Maryam sometimes thinks about what would happen if there were a military attack on her city's uranium-conversion facility.
The plant lies on the outskirts of Isfahan, the historical city that she calls home.
"It scares me, of course, even though I don't have any information about the likely impact on people like us," says the 55-year-old.
Now a new report is trying to answer that question.
It lists the Isfahan uranium-conversion facility -- which contains an estimated 371 metric tons of uranium hexafluoride -- as one of the four Iranian sites likely to be targeted if Israel or the United States were to decide to take military action in an effort to delay or cripple Iran's nuclear program.
The University of Utah's Hinckley Institute of Politics and the NGO Omid for Iran teamed up to produce a study that concludes that a military strike on the facility could have tragic consequences for Maryam and thousands of other residents of her centrally located city, which has a population of 2 million.
It's unlikely that Maryam would die as an immediate result of such a bomb attack. But she could be among the estimated up-to-70,000 people who would be killed or injured after being exposed to toxic plumes released as the result of such strikes. They would reach the city within an hour.
Such a scenario would mean that the people of Isfahan could experience a catastrophe similar to the gas leak in Bhopal or the nuclear meltdown at Chornobyl, says Khosrow Semnani, the author of the report, which is titled, "The Ayatollah's Nuclear Gamble."
"People's skin could be burnt [when coming in contact with the plumes], they could become blind, their lung could be destroyed, their kidneys could be damaged, and in the future they could face other health problems such as skin cancer and [other forms] of cancer," Semnani says.
The report analyzed the impact of preemptive conventional strikes on four key nuclear sites: Isfahan's uranium conversion facility; Natanz's fuel-enrichment plant; Arak's heavy-water plant; and Bushehr's nuclear power plant.
Workers at those sites -- who include scientists, workers, support staff, and soldiers -- would be among the first victims of a bombing campaign. The report estimates that the casualty rate at the sites would be close to 100 percent.
"According to our estimates, the number of casualties of the bombing of the four sites would be about 5,000 people," Semnani says. "If the bombing would include more than those four sites, then the immediate casualty [count] would be up to 10,000 people."
The report warns that the grim scenario could be magnified by the lack of readiness on the part of Iranian authorities, who have a poor record of disaster management and who lack the capacity to handle deadly radioactive fallout in the aftermath of a strike on its nuclear sites.
Afshin Molavi, an Iran expert and a senior fellow at the New America Foundation, says the study fills a gaping vacuum in Western discussions about military strikes on Iran, which often ignore the human cost of such actions.
"People talk very callously about the prospect of military strikes, and they frame it in the geopolitical fallout, the geo-economic fallout, what will happen to the oil price and all of these issues. But nobody has ever talked about the humanitarian consequences of a military strike on Iran," Molavi says. "Those humanitarian consequences are grave, so I think this report fills a very important vacuum. It needs to be read by policy makers at the highest levels in Western governments; it needs to be read in Israel; it needs to be read all over the world."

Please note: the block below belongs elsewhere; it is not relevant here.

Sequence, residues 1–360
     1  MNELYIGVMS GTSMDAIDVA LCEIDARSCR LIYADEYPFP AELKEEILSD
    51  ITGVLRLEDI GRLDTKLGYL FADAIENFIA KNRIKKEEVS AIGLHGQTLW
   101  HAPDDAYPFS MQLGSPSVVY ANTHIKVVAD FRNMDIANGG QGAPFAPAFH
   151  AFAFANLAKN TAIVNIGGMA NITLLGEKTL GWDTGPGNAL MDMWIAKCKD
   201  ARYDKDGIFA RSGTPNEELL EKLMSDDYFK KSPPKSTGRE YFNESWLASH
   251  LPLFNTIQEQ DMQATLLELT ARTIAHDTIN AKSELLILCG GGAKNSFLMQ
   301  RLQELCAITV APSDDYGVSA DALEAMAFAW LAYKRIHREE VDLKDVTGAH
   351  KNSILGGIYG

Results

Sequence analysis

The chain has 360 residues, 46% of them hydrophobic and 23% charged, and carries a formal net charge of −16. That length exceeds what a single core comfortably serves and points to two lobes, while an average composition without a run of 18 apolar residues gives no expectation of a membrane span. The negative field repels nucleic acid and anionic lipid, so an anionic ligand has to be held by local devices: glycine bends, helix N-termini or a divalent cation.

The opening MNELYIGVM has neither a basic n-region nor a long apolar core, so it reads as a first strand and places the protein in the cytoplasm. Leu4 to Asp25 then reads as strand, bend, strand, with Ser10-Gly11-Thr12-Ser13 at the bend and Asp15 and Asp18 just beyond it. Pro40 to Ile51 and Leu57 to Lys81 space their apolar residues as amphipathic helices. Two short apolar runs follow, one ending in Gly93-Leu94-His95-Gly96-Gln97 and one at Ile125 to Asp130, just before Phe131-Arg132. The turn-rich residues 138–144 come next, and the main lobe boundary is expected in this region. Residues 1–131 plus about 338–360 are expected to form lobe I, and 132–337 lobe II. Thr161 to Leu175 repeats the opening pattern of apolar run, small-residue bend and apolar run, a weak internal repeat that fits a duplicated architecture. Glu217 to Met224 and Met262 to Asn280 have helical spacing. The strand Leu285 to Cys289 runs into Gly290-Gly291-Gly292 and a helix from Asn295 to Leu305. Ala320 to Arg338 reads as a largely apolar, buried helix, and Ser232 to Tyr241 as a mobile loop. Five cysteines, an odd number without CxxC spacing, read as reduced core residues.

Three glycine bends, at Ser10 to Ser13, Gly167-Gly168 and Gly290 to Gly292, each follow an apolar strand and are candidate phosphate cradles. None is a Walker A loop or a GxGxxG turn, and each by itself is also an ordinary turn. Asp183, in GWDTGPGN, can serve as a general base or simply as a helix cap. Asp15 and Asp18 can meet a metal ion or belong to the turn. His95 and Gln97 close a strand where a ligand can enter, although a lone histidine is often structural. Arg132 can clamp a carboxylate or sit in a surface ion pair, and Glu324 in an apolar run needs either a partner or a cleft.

Greg Thielman, a former senior U.S. intelligence official and an expert with the Arms Control Association, says the study is a worthwhile exploration that gives color to "a very dry and bloodless discussion of what attacking Iran would be."
He does say, however, that he doesn't think the United States or Israel would attack Bushehr, because it's not of critical concern to the International Atomic Energy Agency (IAEA) -- the UN nuclear watchdog that has access to the site.
"I would note also that it is against the Geneva Convention to attack civilian nuclear power plants," Thielman says, "and that's another reason why I think the U.S. and Israel would think twice about it, because it is clearly contrary to international law to do that."
David Albright, a former UN weapons inspector and the president of the Institute for Science and International Security (ISIS) in Washington, says he doesn't believe that a military attack on Bushehr is likely.
He says the number of casualties would depend on how the attacks are planned and conducted: "If they attack all the [conversion lines] -- you have six in Isfahan and you'd expect more -- they may not attack and they choose to cripple the site without trying to destroy the uranium hexafluoride."
The human cost of a strike on Iran's nuclear facilities hasn't been ignored by Western analysts alone. It's also not a topic of discussion in Iran, where the state media largely focus on how the country would retaliate in case of attack.
"Ninety-nine percent of these people are not even aware of the horrifying scenario" that could await them, Semnani says.
-- Golnaz Esfandiari